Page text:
Invent, adapt, and reinvent

Published by Lori Pickert on August 7, 2011 at 01:39 PM

At the recent Aspen Ideas Festival, the New York Times columnist Thomas L. Friedman said that when he graduated from college, he was able to go find a job, but that our children [are] going to have to invent a job. — Daring to Stumble on the Road to Discovery

[The fastest growing companies in the world] are all looking for the same kind of people — people who not only have the critical thinking skills to do the value-adding jobs that technology can’t, but also people who can invent, adapt and reinvent their jobs every day, in a market that changes faster than ever.

Whatever you may be thinking when you apply for a job today, you can be sure the employer is asking this: Can this person add value every hour, every day — more than a worker in India, a robot or a computer? Can he or she help my company adapt by not only doing the job today but also reinventing the job for tomorrow? And can he or she adapt with all the change, so my company can adapt and export more into the fastest-growing global markets? In today’s hyperconnected world, more and more companies cannot and will not hire people who don’t fulfill those criteria.

[T]his is not your parents’ job market. — Thomas Friedman, The Start-Up of You

Will your kids be prepared to invent their own jobs?



Comment by jane on August 7, 2011 at 02:15 PM

This totally goes against what our children are learning to do in school. Memorization for tests and output on those tests are what matters. No metacognitive thinking allowed! For example: In our high school (where most go onto college) they need to read two books during the summer. In past years they had to write a short essay on each book. This year they will be taking mult. choice quizes on the books that they read because the teachers were to overwhelmed with all the essays they needed to read.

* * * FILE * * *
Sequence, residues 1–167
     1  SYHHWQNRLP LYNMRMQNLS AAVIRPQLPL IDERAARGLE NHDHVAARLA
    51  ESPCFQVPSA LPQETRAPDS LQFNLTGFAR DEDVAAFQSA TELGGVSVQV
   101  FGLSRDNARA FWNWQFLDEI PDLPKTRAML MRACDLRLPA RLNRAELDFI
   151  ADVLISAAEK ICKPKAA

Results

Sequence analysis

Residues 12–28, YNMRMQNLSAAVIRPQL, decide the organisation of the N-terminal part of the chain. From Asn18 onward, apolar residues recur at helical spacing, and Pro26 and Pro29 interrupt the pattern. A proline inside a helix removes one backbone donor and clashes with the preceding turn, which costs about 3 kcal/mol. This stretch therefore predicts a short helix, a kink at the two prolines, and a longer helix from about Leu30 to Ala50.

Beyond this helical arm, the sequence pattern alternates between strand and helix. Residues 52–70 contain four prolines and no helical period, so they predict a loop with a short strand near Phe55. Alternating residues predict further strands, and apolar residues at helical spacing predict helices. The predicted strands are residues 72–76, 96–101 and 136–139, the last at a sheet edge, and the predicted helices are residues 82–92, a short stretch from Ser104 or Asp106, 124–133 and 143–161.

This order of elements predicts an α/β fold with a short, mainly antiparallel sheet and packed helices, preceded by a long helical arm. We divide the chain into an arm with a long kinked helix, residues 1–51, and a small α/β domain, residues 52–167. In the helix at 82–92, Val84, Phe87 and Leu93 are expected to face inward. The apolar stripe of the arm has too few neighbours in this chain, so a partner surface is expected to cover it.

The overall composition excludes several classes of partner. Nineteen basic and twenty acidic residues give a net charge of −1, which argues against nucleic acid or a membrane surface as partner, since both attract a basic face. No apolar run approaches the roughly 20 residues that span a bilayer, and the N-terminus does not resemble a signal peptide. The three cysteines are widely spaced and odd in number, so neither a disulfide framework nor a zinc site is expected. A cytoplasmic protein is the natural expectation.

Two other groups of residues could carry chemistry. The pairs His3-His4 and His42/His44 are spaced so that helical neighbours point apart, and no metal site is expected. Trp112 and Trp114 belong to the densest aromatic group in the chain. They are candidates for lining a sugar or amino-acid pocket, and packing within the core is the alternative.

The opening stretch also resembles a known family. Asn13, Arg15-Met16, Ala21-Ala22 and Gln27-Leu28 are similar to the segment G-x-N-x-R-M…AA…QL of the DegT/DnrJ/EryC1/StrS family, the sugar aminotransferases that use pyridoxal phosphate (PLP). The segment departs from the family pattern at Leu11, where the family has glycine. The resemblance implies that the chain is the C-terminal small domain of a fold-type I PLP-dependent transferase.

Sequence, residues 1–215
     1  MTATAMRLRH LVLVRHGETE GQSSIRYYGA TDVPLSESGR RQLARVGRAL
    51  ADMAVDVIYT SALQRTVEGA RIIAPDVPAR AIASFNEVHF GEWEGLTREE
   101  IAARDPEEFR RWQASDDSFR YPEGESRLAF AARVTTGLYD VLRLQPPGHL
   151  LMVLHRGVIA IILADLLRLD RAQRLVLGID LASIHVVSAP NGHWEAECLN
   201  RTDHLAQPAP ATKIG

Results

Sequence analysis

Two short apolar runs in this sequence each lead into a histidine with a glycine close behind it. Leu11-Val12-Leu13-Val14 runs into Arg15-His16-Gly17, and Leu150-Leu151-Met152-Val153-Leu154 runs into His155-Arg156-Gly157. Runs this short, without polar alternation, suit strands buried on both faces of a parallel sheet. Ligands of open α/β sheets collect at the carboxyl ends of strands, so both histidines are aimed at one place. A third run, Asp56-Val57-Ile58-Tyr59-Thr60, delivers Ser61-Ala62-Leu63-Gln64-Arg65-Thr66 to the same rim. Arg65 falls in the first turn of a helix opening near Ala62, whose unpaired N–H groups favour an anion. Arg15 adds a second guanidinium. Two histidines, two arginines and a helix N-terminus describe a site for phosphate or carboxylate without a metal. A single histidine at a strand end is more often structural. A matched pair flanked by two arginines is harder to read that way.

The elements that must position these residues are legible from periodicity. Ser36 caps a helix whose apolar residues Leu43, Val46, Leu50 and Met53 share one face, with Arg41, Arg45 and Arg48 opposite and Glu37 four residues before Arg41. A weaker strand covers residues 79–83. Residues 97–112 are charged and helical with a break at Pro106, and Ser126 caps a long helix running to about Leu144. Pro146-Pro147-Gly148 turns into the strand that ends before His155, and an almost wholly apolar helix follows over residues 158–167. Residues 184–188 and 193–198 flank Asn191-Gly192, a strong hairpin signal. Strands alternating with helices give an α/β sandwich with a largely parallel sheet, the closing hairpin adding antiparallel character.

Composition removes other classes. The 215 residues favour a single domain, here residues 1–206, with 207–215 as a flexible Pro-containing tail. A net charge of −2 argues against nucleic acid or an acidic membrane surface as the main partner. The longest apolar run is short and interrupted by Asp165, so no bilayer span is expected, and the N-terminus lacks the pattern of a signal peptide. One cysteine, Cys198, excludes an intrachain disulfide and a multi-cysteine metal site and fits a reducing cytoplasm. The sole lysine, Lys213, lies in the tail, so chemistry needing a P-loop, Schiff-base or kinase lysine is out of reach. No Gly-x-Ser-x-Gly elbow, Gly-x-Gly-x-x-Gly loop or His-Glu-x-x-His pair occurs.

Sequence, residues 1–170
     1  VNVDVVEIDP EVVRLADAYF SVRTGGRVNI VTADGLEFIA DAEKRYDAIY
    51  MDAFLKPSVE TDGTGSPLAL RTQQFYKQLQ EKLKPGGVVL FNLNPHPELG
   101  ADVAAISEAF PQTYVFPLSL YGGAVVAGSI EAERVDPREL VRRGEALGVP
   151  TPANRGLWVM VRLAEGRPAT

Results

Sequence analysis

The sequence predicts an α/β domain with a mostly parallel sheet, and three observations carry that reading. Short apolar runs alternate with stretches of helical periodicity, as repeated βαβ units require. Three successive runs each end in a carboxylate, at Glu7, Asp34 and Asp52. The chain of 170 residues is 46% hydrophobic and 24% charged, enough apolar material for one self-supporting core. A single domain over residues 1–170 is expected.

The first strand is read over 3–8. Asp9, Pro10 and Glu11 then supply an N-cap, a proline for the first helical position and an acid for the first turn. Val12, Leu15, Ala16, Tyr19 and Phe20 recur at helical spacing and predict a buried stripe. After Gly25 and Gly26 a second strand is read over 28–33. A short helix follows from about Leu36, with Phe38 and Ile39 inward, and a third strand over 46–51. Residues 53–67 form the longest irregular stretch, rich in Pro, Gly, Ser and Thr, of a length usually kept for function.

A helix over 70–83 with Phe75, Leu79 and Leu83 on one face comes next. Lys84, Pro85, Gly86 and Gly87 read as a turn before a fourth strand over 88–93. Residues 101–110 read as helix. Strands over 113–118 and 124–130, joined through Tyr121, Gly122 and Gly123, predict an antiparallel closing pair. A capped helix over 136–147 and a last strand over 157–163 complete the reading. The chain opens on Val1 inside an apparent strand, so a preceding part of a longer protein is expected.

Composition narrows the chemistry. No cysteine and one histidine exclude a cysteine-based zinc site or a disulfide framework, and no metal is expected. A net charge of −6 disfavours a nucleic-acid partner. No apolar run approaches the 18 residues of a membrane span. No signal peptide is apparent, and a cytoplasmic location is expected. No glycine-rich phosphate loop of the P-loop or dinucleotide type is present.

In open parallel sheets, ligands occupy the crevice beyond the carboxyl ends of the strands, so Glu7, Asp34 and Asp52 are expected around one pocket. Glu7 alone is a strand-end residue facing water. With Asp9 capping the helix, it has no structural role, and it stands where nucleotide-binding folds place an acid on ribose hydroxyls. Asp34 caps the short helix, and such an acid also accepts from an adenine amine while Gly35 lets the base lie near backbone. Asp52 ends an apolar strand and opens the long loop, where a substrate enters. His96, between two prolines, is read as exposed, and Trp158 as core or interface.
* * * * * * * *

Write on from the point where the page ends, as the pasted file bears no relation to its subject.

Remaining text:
Comment by Lori Pickert on August 7, 2011 at 03:48 PM

the structure of education today:

"you, student, do as we tell you — do this work, do that homework, and then we'll give you a grade and pass you along. and by the way, take out a lot of loans to pay for college — these first 13 years were just preparing you for college. that's where you'll actually learn something that will help you get a job."

the structure of education as it should be? there is a persistent bill gates-type way of looking at things that says "these students are our workforce — let's prepare them to work for us." we forget that these students are also our business owners, innovators, scientists, doctors, researchers.

i don't think schools are set up to graduate armies of people who can invent, adapt, and reinvent. maybe young people will be able to do those things, but i don't think they'll learn it in school. they'll pick it up from their hobbies, the internet, and the things they do outside of school.

homeschooled kids have a possible advantage (only possible because some hs'ers basically replicate school at home) — they can begin to manipulate their world and control their learning much, much earlier — if they have parents who support them to do so.

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